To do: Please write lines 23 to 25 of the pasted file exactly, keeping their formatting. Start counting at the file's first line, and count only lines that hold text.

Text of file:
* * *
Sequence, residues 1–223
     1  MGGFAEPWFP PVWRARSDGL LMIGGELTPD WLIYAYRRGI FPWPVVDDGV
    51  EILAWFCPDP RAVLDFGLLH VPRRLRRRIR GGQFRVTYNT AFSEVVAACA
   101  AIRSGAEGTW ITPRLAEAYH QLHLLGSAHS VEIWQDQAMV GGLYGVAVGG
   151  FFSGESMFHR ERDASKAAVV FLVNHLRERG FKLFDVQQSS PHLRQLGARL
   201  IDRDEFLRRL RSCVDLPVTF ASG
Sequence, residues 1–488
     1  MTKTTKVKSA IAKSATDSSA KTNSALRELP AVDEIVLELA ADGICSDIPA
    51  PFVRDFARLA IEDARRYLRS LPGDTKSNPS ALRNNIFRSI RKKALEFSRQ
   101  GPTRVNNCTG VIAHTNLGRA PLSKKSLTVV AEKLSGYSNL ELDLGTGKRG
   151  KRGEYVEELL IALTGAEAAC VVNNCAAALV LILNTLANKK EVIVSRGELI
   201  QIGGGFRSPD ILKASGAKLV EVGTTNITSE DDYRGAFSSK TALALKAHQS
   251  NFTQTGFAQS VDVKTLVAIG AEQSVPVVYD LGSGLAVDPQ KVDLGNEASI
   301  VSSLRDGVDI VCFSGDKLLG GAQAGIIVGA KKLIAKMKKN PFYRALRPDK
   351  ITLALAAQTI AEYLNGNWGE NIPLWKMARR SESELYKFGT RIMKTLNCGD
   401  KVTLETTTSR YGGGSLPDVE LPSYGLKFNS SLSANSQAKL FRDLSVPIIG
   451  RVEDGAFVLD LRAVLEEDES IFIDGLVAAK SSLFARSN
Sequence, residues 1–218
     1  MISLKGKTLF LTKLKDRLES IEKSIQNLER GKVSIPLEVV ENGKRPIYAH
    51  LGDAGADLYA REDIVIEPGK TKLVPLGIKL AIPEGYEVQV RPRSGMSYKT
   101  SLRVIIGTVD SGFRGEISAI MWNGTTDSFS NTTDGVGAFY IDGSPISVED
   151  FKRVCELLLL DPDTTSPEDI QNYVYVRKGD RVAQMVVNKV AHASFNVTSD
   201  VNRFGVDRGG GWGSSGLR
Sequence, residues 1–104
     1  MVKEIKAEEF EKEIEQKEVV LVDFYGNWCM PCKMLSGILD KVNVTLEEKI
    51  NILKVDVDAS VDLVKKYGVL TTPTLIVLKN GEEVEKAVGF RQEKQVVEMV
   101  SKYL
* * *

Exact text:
   201  VNRFGVDRGG GWGSSGLR
Sequence, residues 1–104
     1  MVKEIKAEEF EKEIEQKEVV LVDFYGNWCM PCKMLSGILD KVNVTLEEKI